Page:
Sat, Apr 14, 2018 - Page 7 News List

Backpage.com CEO pleads guilty and will testify

‘DOMINANT MARKETPLACE’:The Web site was the main place to post ads for illicit commercial sex and for sex-trafficked children and adults, the US attorney general said

AP, SACRAMENTO, California

The chief executive of Backpage.com pleaded guilty to state and federal charges including conspiracy and money laundering, and agreed to testify in ongoing prosecutions against others at the Web site that authorities have dubbed a lucrative nationwide “online brothel,” authorities said.

“For far too long, Backpage.com existed as the dominant marketplace for illicit commercial sex, a place where sex traffickers frequently advertised children and adults alike,” US Attorney General Jeff Sessions said in a statement. “But this illegality stops right now.”

Backpage brought in US$500 million since it began in 2004, mostly though prominent risque advertising for escorts and massages, among other services and some goods for sale, federal prosecutors said.

Authorities said that the site was allegedly used often to traffic underage victims, while company officials said they tried to scrub the Web site of such ads.

Chief executive officer Carl Ferrer is to serve no more than five years in prison under a California agreement in which he pleaded guilty to one count of conspiracy and three counts of money laundering.

Also on Thursday, Texas Attorney General Ken Paxton announced that the company pleaded guilty to human trafficking.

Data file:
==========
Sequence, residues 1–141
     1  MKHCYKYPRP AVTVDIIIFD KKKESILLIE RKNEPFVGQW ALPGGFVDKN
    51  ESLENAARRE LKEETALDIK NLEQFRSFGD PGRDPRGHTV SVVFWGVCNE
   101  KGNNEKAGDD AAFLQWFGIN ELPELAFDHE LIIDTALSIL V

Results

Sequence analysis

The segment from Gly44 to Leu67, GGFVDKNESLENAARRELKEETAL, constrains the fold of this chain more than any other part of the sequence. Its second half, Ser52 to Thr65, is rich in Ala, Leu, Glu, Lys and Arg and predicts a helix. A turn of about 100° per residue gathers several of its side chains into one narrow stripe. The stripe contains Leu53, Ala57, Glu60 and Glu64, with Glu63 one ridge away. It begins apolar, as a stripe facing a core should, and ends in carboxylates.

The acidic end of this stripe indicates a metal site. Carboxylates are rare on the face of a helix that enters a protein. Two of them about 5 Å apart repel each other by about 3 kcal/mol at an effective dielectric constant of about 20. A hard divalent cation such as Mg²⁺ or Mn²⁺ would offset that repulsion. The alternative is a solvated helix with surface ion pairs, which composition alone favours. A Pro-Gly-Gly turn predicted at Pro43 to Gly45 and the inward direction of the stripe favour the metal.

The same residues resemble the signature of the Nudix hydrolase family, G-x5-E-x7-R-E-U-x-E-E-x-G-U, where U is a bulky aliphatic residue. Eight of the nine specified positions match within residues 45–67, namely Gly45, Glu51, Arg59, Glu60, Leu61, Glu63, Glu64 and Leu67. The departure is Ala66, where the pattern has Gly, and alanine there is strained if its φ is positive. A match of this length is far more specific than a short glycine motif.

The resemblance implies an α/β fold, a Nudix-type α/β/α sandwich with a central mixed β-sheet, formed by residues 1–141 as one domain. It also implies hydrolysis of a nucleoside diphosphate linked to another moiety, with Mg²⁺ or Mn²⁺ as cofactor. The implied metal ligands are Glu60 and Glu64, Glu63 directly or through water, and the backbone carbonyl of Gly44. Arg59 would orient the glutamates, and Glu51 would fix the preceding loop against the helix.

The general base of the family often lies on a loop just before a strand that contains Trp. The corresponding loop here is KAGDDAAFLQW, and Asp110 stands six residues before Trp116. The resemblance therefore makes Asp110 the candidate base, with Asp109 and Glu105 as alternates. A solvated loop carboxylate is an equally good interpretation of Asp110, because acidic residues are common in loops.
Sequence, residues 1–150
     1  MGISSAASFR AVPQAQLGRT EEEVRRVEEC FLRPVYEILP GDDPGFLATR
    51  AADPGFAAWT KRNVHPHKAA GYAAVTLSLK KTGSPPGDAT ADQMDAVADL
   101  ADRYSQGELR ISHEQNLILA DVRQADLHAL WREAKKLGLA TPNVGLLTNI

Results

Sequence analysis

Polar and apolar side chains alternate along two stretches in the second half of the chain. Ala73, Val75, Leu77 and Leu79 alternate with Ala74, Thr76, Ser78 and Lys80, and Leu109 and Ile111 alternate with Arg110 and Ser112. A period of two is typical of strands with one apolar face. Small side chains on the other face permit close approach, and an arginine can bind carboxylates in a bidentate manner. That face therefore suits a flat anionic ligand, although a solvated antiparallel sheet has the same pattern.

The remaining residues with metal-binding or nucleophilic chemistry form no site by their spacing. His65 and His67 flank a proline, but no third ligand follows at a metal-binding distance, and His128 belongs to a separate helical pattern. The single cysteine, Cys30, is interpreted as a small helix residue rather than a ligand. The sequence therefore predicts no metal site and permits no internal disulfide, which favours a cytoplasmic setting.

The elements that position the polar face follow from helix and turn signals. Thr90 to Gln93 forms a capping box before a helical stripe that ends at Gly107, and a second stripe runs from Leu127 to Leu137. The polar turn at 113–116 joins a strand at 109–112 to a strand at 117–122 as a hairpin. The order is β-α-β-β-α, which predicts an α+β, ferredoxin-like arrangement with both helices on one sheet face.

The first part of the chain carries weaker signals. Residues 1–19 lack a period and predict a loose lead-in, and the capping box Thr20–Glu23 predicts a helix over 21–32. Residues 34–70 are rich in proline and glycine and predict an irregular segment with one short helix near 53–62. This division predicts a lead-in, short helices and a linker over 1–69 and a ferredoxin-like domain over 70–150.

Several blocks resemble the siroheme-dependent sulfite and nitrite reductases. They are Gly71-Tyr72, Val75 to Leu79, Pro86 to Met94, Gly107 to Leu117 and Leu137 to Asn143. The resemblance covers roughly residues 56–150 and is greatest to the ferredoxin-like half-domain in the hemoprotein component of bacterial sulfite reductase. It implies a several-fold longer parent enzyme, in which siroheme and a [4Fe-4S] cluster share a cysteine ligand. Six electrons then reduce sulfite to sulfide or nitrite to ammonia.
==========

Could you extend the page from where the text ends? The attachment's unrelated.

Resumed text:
A federal judge in Phoenix unsealed a plea deal from Thursday last week revealing that Ferrer pleaded guilty to conspiracy and that Backpage.com pleaded guilty to money laundering conspiracy.

Under his plea agreement, Ferrer agreed to make the company’s data available to law enforcement as investigations and prosecutions continue. The guilty pleas are the latest in a cascade of developments in the last week against the company founded by the former owners of the Village Voice in New York City, Michael Lacey, 69, and James Larkin, 68.

The company founders were among Backpage officials indicted by a federal grand jury in Arizona. Larkin and Ferrer did not respond to multiple telephone and e-mail messages from reporters.

The US Department of Justice seized and shut down the Web site, and Ferrer’s federal plea deal requires him to help the government seize all the company’s assets.

Ferrer could face up to five years in prison and a US$250,000 fine in the federal case in Arizona, while Backpage.com could face a maximum fine of US$500,000 for its money laundering conspiracy plea in the Arizona case.

The federal plea deal says that any prison sentence Ferrer would face would run concurrent with his five-year terms in Texas and California.

California Attorney General Xavier Becerra said in a statement announcing the plea deal that “human trafficking is modern-day slavery, and it is happening in our own backyard.”

Texas state agents raided the Dallas headquarters of Backpage and arrested Ferrer on a California warrant after he arrived at Houston’s Bush Intercontinental Airport on a flight from Amsterdam on Oct. 6, 2016. The Dutch-owned company is incorporated in Delaware, but its principal place of business is in Dallas.

Paxon called Thursday’s pleas “a significant victory in the fight against human trafficking in Texas and around the world.”

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